Endovascular Aneurysm Repair (EVAR)

When an aortic aneurysm reaches a dangerous size, it may be possible to repair it with minimally invasive techniques called Endovascular Aneurysm Repair (EVAR).

EVAR basically means repairing the aneurysm from within and is performed with 2 small cuts in the groin rather than a midline abdominal cut. EVAR reduces the risk of aneurysm repair provided the patient and the aneurysm are suitable. Unfortunately, not all patients are suitable, and attempting EVAR in these cases may be more dangerous.

There is usually some pre-operative medical workup required, as well as specialised CT scans and possibly an angiogram. The procedure requires careful planning in co-operation with the company who manufacture the stent grafts which are placed during the repair. Depending on the complexity of the case, this may take 6-8 weeks to plan and manufacture to ensure an exact fit to your aneurysm. The device is usually in three parts – one for the main aorta and extensions into each of the arteries in the legs.

The operation is performed under general anaesthetic with intra-operative monitoring for maximum safety. These may include an arterial pressure monitor in the artery at the wrist, a central line venous catheter and a urinary catheter. These are placed after anaesthetic for maximum comfort.

The operation is usually performed through two incisions about 5cm in length – one in each groin. Through these incisions, the femoral arteries are carefully dissected out. Through these arteries, a small angiogram catheter is placed and imaging of the aorta and the aneurysm is performed. Blood thinner is given. The main section is then introduced, positioned, checked and deployed in the main aorta, achieving a seal above the aneurysm. Through each of the legs, the extensions are docked with the main body and deployed in the arteries heading to the legs, thus excluding the aneurysm from the blood pressure and rendering it safe. The arteries in the groin are then repaired and the wounds carefully closed in layers.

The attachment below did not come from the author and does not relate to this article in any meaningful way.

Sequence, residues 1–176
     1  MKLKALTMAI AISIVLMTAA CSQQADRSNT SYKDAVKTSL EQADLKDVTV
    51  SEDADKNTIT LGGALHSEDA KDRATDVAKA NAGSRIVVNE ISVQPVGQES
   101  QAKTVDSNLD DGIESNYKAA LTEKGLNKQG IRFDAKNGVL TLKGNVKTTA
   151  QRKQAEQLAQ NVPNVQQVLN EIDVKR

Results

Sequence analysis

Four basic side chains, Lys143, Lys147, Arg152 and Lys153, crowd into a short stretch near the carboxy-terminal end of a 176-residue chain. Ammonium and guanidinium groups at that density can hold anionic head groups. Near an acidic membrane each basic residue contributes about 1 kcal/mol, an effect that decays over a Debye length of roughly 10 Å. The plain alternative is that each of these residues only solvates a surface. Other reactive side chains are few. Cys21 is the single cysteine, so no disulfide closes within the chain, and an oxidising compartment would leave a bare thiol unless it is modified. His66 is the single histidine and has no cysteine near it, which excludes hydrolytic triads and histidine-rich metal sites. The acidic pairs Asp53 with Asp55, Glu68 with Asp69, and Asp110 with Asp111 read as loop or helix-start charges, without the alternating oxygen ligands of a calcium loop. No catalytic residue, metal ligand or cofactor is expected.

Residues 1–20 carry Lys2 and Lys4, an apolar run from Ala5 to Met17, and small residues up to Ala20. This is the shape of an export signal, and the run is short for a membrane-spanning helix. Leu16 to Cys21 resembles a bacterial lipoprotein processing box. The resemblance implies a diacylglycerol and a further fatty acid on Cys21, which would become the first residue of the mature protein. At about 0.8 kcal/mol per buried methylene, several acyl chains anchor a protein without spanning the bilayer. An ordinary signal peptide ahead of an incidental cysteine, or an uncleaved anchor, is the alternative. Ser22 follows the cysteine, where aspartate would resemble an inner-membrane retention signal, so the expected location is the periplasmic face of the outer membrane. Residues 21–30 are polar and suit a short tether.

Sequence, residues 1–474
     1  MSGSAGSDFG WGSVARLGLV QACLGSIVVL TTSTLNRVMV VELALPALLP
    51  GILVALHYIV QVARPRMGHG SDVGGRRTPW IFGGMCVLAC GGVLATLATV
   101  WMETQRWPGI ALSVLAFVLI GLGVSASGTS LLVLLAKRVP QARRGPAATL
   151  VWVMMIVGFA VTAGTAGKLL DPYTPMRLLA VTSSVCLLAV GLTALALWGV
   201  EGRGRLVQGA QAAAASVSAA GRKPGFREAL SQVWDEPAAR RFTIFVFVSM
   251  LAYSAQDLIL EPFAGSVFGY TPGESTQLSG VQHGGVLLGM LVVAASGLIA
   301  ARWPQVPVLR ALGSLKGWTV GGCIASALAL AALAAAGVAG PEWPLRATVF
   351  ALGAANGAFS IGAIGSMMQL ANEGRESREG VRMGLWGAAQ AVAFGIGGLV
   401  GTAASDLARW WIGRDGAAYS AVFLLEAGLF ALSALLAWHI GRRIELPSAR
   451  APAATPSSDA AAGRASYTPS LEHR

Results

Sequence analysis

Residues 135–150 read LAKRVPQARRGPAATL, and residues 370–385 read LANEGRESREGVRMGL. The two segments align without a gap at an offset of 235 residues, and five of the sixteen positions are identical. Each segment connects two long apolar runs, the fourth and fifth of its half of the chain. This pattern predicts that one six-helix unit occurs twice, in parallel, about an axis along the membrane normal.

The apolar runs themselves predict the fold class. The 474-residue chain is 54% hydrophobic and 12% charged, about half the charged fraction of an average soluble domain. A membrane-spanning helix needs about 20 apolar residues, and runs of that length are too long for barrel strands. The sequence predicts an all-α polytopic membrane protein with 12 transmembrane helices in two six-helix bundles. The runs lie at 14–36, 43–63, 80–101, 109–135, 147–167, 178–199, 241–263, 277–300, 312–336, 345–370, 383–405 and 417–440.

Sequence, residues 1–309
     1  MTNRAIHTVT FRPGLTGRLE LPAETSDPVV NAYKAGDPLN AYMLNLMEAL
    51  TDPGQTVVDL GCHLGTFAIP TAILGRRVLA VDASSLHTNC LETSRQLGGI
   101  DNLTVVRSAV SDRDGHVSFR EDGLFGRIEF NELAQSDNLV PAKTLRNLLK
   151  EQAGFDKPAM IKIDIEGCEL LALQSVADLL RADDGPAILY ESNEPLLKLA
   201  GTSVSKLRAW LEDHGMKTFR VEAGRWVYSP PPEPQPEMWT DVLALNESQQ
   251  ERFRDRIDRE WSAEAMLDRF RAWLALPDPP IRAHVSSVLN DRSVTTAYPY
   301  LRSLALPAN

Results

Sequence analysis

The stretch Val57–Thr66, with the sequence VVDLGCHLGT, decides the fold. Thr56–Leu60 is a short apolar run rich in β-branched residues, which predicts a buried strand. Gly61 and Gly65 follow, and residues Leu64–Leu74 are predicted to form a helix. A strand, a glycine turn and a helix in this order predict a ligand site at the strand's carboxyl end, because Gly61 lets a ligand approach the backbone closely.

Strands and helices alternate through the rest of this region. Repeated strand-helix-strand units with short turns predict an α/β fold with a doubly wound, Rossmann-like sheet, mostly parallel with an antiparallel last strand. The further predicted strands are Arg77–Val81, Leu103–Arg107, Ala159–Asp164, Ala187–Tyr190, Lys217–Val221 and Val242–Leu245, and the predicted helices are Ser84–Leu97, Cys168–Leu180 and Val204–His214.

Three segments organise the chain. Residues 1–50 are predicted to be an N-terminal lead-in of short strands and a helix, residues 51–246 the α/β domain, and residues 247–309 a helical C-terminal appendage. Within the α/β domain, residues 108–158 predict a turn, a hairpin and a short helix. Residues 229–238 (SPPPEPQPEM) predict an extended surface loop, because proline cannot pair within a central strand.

Occasionally you may need to be treated in intensive care after the EVAR repair, but commonly the patient is well enough to go straight to the ward. Usually patients are mobile the next day and discharged in 5 days or less.

There are several complications which can occur during and after aneurysm repair including bleeding, bowel dysfunction, limb dysfunction, renal dysfunction, heart strain and heart attack, lung problems including pneumonia and others. In worst cases, death can occur, though 98% patients survive.

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